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Darwin Awards is full of similar attempts to remove yourself from the gene pool......
 

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The first plastic straws were made using toxic polystyrene (#6), but now safer polypropylene (#5) or polyethylene (#2) is favored over polystyrene, because polystyrene is brittle and tends to crack easily (just like the famous red Solo-type cups). One anecdotal way you can tell what type of straw you're drinking from is to see whether it sinks or floats: polystyrene is denser than water, causing straws to sink when placed into liquids. Polypropylene straws are much more flexible, durable and do not sink. Of course, this method is not fool-proof so if in doubt, contact the manufacturer directly to find out what materials are used.

Alcohol will damage some plastics, but not all. I will list my answers by the resin code, or "recycling symbol", found on most plastic items:

  1. Poly(ethylene terephthalate), PET or PETE - PET is not very soluble in ethanol or isopropanol, but prolonged exposure may cause crazing or stiffening due to the dissolution of plasticizers.
  2. High-Density polyethylene, HDPE - HDPE is resistant to most things.
  3. Poly(vinyl chloride), PVC - PVC is not very soluble in ethanol or isopropanol, but prolonged exposure may cause crazing or stiffening.
  4. Low-Density polyethylene, LDPE - LDPE is resistant to most things.
  5. Polypropylene, PP - PP is resistant to most things.
  6. Polystyrene PS - PS is not very soluble in ethanol or isopropanol, but prolonged exposure may cause crazing or stiffening.
Hmmm, which type of plastic barrels did Walt and Jesse use to dispose of bodies? If it's THAT type of plastic then as @Gunnert said, don't worry about it.
 

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Empty tank, mini shop vac with adopted skinny plastic tube, flashlight on and just fish the straw. Now, be careful not to drop the flashlight 😁. Happy riding.....!!!!!
 

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Darwin Awards is full of similar attempts to remove yourself from the gene pool......
Speaking of sucking out gas with a shop vac, one of my favorite Darwin awards went to the JATO-equipped Chevy Impala driver. From 1995, it's still in the archives linked above.
 

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Get the same type straw you dropped into the tank and see if Techron melts it down into solution. If it does, put a few tanks topped off with Techron through, and that should be it.
 

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I would also suggest to avoid using a shop vac to remove the straw. Shop vac will do a little spark meets gas dance once the gas gets up that hose and then you would be in a world of hurt.
Please avoid that
But, if you do try that be sure to do it outside in your driveway with a video camera rolling. It would surely go viral!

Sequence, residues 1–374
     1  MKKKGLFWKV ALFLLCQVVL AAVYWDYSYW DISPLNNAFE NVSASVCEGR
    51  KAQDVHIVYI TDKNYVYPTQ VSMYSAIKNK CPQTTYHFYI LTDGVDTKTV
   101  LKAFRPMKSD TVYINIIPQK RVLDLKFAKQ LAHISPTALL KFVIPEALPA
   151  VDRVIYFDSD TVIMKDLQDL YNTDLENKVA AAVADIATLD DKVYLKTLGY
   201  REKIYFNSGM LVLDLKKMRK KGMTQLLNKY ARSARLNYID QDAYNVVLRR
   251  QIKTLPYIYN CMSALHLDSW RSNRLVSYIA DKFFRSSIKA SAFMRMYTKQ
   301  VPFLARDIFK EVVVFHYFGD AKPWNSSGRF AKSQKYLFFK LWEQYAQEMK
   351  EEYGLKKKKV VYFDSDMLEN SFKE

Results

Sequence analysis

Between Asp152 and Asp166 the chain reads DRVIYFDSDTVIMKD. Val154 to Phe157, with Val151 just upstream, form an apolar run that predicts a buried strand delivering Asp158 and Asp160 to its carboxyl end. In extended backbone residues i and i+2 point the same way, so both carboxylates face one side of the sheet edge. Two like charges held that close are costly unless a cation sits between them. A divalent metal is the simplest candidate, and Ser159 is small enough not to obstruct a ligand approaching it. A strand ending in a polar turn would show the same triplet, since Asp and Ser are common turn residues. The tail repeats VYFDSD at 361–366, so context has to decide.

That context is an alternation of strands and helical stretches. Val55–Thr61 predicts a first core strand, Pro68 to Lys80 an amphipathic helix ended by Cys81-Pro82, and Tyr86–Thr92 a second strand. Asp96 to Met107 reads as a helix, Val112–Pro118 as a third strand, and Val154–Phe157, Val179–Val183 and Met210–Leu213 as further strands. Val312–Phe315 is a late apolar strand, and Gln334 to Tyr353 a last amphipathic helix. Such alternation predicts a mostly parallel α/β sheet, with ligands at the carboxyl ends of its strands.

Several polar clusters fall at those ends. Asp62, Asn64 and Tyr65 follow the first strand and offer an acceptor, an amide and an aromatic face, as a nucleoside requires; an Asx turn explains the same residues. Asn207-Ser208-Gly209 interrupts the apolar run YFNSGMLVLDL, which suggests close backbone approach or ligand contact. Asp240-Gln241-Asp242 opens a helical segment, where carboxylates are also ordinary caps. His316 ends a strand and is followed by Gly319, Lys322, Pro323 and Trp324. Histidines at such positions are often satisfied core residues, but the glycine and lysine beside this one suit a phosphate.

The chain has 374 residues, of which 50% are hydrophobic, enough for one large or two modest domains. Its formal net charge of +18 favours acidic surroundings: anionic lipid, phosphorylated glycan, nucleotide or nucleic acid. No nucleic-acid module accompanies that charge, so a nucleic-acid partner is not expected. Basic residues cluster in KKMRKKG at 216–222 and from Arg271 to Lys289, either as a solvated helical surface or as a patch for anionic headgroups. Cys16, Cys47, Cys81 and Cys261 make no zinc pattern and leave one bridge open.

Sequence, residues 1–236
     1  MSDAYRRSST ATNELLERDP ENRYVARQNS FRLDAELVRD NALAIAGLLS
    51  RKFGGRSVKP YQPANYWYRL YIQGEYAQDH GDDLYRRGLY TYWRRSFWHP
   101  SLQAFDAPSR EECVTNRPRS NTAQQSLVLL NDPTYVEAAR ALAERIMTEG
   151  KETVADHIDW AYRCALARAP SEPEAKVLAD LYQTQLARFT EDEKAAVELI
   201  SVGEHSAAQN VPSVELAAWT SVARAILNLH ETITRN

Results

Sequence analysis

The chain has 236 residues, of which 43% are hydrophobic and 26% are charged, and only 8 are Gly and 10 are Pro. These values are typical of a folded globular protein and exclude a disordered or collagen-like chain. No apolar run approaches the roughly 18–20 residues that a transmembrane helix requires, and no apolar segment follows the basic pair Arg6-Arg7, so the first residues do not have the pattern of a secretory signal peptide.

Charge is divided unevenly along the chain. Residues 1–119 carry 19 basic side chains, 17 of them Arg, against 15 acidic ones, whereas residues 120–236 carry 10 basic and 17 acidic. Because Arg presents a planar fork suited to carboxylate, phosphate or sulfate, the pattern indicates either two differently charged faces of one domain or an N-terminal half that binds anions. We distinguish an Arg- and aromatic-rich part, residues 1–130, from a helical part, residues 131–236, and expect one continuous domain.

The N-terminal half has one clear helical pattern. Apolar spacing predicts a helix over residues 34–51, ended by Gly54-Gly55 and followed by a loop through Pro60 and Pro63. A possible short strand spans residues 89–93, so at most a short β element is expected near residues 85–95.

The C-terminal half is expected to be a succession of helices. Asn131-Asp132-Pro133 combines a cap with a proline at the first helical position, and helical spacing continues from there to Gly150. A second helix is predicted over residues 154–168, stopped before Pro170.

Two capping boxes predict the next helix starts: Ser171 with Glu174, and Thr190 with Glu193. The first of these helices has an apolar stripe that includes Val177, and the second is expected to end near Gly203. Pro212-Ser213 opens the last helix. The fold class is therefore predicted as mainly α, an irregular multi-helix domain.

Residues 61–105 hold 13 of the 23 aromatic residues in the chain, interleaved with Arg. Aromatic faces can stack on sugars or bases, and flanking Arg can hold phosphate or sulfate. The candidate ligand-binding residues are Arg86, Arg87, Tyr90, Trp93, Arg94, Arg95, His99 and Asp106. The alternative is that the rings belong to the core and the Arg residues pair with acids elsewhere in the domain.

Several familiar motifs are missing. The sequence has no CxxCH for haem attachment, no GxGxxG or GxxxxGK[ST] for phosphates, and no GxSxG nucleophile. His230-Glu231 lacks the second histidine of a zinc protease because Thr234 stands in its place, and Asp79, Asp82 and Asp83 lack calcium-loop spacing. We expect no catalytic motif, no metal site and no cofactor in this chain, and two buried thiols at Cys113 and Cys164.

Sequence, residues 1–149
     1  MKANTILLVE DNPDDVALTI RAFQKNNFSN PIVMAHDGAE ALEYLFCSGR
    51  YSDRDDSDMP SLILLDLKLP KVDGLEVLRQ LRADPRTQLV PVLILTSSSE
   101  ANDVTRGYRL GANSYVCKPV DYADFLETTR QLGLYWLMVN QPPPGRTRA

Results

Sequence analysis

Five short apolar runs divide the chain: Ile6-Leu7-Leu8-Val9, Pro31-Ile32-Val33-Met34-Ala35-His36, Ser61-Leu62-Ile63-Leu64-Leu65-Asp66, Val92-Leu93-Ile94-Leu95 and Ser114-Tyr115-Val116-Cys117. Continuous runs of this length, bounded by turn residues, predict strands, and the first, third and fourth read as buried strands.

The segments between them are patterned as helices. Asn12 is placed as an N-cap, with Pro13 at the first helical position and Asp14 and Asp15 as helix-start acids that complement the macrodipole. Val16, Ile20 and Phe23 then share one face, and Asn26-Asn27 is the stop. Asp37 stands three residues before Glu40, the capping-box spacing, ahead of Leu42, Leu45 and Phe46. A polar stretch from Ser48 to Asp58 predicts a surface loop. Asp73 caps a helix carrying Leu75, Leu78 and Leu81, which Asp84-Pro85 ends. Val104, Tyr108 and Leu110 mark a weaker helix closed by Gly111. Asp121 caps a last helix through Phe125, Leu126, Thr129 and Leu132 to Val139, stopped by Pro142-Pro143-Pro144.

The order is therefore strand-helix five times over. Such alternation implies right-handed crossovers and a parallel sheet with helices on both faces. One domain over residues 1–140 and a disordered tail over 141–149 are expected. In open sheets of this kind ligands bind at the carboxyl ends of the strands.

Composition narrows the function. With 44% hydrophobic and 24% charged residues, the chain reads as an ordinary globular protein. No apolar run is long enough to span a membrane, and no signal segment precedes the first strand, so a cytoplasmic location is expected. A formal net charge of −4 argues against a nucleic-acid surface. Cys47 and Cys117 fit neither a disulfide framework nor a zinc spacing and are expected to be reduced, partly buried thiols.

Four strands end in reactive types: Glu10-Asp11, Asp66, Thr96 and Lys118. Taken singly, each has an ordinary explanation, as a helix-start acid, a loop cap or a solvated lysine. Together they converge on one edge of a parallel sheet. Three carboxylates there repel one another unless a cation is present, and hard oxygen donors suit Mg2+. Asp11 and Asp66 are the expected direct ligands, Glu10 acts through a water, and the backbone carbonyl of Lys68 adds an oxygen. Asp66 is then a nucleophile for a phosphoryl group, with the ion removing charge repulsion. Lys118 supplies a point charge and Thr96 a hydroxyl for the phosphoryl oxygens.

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It must be winter. 31 posts on a straw...and no one even asked how or why a straw got in there to begin with.

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Actually, it has been asked. I just figured it was something so embarrassing that @beemer99 is taking his time in coming up with his story. That said, you are right, it's winter and my bike is feeling terribly neglected.
 

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My shop vac has a 6' long hose attached to it. Never seen sparks fly out of it when cleaning the leaves around my car engine. Some of y'all must have a turbo-charged "car vac" that doubles as a grill lighter...

My two cents is that I would want to get it out if it is not one of those that will disintegrate cleanly. I've experienced issues with contaminants in fuel before (more than once) and it is not fun having clogged injectors because it always happens at a bad time. Your filter/strainer should keep you ok in the short run. A flexible "claw" pick tool will probably work best as some have suggested - as you'd have to get the air-flow right through the tank for suction to work well (unless you had one of those suction-jobs dentist's use that can pull your lip off). Have fun.
 

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My shop vac has a 6' long hose attached to it. Never seen sparks fly out of it when cleaning the leaves around my car engine. Some of y'all must have a turbo-charged "car vac" that doubles as a grill lighter...

My two cents is that I would want to get it out if it is not one of those that will disintegrate cleanly. I've experienced issues with contaminants in fuel before (more than once) and it is not fun having clogged injectors because it always happens at a bad time. Your filter/strainer should keep you ok in the short run. A flexible "claw" pick tool will probably work best as some have suggested - as you'd have to get the air-flow right through the tank for suction to work well (unless you had one of those suction-jobs dentist's use that can pull your lip off). Have fun.
Have you tried cleaning our your car's fuel tank with it? Have a friend video that for us.
 

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pick up bike , flip it upside down and start shaking it out.
 

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Tank the tank off. It's not too hard to do. Had to do it recently to replace the clutch switch.

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